Seize The Moment and Learn From Other Gardeners
GARDEN TIPS – written by
Marianne C. Ophardt
WSU Extension Faculty
for the Tri-City Herald, Kennewick, WA Written April 30, 2015
One of the wonderful characteristics of many home gardeners is that they thirst for more knowledge about plants and gardening. Many also enjoy sharing what they know with other gardeners. There are three upcoming opportunities for local gardeners to chat with each other and learn.
Master Gardener Spring Plant Sale May 2: We mentioned last week that the local WSU Extension Master Gardeners will be holding their Spring Plant Sale this Saturday, May 2 at 1600 S. Union in Kennewick in the parking lot of Highlands Grange Park starting at 9:00 a.m. If you are like me, you may not have room for even one more plant, but you might still want to drop by and talk with the Master Gardeners. The plant sale chair, Dave Hammond, knows all about growing veggies, especially potatoes, sweet potatoes, and tomatoes. Hammond and other Master Gardeners will be on hand to answer your gardening questions. Plus, I bet you can find room for just one more plant!
Compost Workshop May 9: A Composting & Waste Reduction Workshop will be held on Saturday, May 9 from 9:30 a.m. to 12:00 noon at the Kennewick Branch of the Mid-Columbia Library at 1620 S. Union. The workshop is free and open to the public, but you must pre-register by calling 735-3551. At the end of class, each participant will receive a compost bin and book on composting. There will also be an opportunity to tour the Compost Demonstration Area (behind the library in the Master Gardener Demonstration Garden) with a Master Gardener.
I will be teaching participants how you can turn yard and kitchen waste into valuable organic matter by composting. Finished compost is sometimes referred to as “black gold” because it helps improve soil texture when mixed with garden soil. Improved soil texture leads to better drainage and aeration in heavy soils. In sandy soils, like I have in my garden, compost increases the retention of water and nutrients. Composting is a great way to divert yard waste away from the solid waste stream, recycle it, and use it to grow healthier, more productive gardens.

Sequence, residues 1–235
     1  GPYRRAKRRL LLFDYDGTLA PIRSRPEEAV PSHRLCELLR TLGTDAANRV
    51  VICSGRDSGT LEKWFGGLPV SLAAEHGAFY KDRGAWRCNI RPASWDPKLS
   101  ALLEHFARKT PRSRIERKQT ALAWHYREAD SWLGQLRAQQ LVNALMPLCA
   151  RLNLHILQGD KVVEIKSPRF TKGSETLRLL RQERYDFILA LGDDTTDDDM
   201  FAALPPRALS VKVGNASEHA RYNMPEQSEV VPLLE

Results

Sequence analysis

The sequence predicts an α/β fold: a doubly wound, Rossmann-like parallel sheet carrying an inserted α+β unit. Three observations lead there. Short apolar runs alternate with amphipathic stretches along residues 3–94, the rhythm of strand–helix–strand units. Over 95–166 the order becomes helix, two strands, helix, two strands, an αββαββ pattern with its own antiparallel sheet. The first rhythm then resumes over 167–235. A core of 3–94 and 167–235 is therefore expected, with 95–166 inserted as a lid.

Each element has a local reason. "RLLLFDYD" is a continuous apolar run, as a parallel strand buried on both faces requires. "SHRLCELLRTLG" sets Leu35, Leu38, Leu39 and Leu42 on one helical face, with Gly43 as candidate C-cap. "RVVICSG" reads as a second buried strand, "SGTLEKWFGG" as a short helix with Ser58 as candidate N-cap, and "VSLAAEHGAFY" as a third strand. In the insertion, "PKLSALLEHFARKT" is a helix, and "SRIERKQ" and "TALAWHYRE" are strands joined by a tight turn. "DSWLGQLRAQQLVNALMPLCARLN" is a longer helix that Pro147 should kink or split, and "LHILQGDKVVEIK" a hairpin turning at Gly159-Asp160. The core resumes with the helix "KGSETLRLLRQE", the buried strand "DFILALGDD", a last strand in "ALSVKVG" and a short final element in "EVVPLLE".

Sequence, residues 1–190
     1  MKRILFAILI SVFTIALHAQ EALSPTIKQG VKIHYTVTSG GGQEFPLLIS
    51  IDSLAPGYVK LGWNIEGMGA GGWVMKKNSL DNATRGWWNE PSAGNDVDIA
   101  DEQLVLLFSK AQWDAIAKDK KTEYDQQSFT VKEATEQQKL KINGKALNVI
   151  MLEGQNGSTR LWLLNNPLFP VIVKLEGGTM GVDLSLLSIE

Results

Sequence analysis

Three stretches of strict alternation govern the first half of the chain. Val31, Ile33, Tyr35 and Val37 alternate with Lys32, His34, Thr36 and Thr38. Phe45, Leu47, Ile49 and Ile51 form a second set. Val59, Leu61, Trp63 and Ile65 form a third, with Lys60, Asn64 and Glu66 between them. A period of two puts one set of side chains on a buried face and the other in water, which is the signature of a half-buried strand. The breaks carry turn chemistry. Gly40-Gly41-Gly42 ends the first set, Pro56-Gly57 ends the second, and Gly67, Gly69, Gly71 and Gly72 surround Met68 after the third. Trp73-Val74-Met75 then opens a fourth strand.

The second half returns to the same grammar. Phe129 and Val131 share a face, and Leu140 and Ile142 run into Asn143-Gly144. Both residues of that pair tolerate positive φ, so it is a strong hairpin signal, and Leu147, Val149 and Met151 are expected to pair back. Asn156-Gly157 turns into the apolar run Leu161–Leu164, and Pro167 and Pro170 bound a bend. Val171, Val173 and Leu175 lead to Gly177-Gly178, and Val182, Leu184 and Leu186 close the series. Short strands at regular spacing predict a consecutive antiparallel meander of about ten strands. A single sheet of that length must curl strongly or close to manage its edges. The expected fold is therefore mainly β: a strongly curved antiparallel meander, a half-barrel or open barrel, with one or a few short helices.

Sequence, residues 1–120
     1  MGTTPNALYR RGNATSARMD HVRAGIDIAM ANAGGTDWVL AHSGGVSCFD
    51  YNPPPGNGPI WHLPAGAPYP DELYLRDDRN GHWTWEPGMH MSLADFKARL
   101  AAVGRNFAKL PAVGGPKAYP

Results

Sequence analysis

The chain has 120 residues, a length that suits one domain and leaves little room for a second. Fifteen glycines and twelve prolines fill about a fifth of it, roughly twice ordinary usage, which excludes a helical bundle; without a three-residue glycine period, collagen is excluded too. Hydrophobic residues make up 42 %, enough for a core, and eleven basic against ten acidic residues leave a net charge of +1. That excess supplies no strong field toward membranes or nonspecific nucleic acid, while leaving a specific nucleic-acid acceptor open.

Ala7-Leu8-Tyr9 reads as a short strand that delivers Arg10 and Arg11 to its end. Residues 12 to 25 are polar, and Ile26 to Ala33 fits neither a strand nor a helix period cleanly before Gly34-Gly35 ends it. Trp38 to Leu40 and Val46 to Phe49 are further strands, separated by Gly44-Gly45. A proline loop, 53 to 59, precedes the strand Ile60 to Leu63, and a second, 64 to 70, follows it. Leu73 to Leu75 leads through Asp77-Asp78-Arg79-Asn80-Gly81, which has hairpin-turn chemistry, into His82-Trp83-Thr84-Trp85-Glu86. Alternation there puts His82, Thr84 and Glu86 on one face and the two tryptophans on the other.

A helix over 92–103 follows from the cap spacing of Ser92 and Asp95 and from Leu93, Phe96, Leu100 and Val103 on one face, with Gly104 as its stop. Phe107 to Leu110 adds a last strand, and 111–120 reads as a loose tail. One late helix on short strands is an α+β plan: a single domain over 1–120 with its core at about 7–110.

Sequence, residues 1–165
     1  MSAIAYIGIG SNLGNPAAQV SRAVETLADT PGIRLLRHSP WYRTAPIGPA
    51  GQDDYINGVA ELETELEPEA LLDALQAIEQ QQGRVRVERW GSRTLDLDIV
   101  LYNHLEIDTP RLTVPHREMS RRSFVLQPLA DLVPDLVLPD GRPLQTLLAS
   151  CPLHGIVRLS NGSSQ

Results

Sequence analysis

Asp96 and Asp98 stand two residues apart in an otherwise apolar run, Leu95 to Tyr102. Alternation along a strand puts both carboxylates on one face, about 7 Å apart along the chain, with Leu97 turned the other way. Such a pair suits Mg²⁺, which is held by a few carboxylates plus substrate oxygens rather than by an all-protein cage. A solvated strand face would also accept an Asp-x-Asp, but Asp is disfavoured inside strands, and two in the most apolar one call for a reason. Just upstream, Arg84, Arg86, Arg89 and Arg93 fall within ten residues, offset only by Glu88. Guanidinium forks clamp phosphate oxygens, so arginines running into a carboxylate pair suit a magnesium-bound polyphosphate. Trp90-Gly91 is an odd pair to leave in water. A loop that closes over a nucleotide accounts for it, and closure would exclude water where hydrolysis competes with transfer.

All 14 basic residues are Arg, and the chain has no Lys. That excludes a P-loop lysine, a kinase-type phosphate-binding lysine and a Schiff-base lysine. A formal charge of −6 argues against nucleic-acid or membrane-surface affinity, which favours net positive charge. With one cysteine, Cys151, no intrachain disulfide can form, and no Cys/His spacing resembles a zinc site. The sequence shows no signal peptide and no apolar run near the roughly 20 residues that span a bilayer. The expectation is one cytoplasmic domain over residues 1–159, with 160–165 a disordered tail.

Bring your lunch and enjoy it in the garden after the workshop.
Orchid Show May 9 & 10: When it comes to orchids, my thumb is not as green as I would like. I have a windowsill filled with mini-orchids and I have had fairly good luck with them surviving and even blooming, but occasionally one starts to die. Usually my ailing orchids’ problems are related to the roots and re-potting.
Tom Walker, Orchid Society member, points out that re-potting is needed when a plant outgrows its pot or the potting mix has decomposed and is not providing adequate drainage and air for the roots. I admit that because I fear re-potting my darling orchids incorrectly and because I can not find a suitable orchid potting mix locally, I procrastinate re-potting.
The South Central Washington Orchid Society is holding its annual Orchid Show on Saturday and Sunday, May 9th (11 a.m. to 5 p.m.) and 10th (10 a.m. to 3 p.m.) at the Tri-Tech Skills Center at 5929 W. Metaline in Kennewick. Admission is only $3.00. I am planning to go so I can get some help for my ailing orchids and purchase a good orchid potting mix. Local orchid society members will have beautiful blooming orchids on display and will be giving seminars on orchid care, in addition to several vendors selling orchids and orchid supplies.
So seize the moment and take advantage of one or all three of these opportunities to learn from other gardeners!